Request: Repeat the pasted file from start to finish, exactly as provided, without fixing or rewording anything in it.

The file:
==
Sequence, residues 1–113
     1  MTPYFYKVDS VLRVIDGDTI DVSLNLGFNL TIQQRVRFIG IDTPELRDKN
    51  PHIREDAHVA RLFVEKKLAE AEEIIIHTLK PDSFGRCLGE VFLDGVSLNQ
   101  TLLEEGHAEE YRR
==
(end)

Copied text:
Sequence, residues 1–113
     1  MTPYFYKVDS VLRVIDGDTI DVSLNLGFNL TIQQRVRFIG IDTPELRDKN
    51  PHIREDAHVA RLFVEKKLAE AEEIIIHTLK PDSFGRCLGE VFLDGVSLNQ
   101  TLLEEGHAEE YRR